So as we survey the parched landscaped, made bleaker by Wedge's announcement of Fausto's demise, we find ourselves 15 games under .500 and on a pace to win a robust 69 games. But with the news that Fausto is taking a breather, that pretty much takes the air out of any entertainment value left to be extracted from the remaining games. If Larry Dolan isn't going to give us the money to compete and isn't going to sell the team then at least he can throw the fans one bone and order Shapiro to order Wedge to order Fausto back to his rightful spot as the closer. That may not do much for next year, but it gives us some reason to care at least until the Browns first regular season game.

Friday, August 04, 2006

Firing the Columnist Is Not The Answer

We were a bit surprised and somewhat puzzled by the screaming headline across the top of the Akron Beacon Journal sports page this morning proclaiming "Firing Wedge Not The Answer." The headline preceded a column/story (it was hard to tell) by columnist Terry Pluto.

First, we didn't know that there was a question in search of an answer about firing Wedge. To this point, outside of Bill from Brecksville and a few other guys playing Dungeons and Dragons in their basement while listing to "The Road Man" Kenny Roda on WKNR Sportstalk Radio, there's been virtually no other talk about firing Wedge. So the fact that Pluto raised a straw man question in order to eke out a non-column column is a surprise for someone of Pluto's status.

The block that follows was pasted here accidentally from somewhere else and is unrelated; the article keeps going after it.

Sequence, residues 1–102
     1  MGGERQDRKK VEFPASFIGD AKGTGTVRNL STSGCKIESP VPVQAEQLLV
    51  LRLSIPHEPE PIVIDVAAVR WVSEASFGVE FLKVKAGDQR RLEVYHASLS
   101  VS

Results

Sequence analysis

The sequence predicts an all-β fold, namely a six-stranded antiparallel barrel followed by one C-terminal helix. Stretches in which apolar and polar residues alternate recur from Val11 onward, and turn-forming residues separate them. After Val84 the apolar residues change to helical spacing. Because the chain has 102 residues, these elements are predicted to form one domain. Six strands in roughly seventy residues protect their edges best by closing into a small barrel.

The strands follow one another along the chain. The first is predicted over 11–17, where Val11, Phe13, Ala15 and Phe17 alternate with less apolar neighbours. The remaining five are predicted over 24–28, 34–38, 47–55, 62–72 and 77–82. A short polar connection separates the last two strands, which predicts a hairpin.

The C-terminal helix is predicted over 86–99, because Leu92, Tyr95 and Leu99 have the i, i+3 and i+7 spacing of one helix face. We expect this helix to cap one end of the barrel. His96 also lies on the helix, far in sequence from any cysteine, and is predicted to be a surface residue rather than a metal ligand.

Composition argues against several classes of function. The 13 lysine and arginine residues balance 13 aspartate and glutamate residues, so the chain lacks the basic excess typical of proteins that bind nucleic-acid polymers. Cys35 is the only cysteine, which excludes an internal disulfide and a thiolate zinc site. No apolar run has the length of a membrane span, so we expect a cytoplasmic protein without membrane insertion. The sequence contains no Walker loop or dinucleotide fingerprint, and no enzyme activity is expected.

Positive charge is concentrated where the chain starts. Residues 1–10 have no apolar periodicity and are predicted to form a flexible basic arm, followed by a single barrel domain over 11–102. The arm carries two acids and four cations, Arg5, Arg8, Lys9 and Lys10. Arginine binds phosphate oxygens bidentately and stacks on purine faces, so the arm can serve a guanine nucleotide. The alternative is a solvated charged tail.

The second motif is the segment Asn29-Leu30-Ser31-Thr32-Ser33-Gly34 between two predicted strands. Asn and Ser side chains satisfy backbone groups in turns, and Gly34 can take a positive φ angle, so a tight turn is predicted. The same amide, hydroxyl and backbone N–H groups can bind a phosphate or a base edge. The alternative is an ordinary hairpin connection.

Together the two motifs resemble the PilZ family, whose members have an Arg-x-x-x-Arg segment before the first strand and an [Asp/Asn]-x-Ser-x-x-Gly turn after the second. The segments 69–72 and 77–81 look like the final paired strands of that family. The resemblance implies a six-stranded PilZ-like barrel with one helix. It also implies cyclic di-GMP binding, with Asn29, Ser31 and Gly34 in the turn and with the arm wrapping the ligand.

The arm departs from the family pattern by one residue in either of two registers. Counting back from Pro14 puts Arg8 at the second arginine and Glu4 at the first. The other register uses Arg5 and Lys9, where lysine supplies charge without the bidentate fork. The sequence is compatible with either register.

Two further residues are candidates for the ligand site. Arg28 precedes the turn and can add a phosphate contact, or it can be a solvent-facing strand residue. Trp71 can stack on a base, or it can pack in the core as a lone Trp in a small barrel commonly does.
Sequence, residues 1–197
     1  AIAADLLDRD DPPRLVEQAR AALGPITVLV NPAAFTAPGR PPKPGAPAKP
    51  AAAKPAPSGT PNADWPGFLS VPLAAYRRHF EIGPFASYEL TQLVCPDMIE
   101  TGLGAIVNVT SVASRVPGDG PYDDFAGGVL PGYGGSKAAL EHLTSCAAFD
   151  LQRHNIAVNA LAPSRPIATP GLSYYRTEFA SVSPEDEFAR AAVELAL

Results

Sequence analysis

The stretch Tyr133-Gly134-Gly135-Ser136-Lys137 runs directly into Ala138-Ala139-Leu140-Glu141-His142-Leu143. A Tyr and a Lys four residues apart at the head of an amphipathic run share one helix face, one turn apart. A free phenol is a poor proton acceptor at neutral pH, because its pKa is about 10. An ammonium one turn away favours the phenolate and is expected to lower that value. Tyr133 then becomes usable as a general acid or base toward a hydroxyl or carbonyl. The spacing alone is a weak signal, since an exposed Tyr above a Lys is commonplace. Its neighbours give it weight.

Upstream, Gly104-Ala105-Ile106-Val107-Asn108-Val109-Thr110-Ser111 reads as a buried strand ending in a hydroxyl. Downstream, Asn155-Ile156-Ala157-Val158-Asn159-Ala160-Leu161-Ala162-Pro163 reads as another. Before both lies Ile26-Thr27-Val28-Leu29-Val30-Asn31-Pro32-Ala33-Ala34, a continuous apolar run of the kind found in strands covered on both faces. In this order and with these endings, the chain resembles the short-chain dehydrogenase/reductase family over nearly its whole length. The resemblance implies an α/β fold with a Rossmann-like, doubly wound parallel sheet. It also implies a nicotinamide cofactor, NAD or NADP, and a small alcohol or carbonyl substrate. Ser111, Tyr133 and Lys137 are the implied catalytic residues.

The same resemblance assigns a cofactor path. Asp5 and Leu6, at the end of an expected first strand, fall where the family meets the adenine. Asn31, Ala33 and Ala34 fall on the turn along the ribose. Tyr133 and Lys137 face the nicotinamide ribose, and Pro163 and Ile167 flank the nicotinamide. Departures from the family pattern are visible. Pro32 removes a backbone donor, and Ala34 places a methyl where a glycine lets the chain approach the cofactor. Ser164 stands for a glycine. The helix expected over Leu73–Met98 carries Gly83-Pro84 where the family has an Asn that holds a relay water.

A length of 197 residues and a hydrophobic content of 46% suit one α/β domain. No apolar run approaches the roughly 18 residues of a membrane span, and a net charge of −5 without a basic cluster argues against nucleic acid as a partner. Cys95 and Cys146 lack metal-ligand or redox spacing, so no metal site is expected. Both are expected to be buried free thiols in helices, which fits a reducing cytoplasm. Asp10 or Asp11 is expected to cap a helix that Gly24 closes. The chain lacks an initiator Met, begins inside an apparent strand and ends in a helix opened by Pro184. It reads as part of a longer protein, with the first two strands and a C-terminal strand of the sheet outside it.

Second, give the fans more credit than this. If firing Wedge could magically transform this pig's ear into a silk purse we'd be all for it. But on the list of issues facing the Tribe this year and next, the status of the manager ranks, at best, in the bottom third. After nearly four years at the helm, the most we know about Wedge is that this team had improved, at a clip of 12 and 13 games, between seasons. The fact that a giant step backward has been taken is attributable to lousy ownership and poor-decision making by Shapiro. If the Indians have been outmanaged this year in any particular game, it would be hard to tell.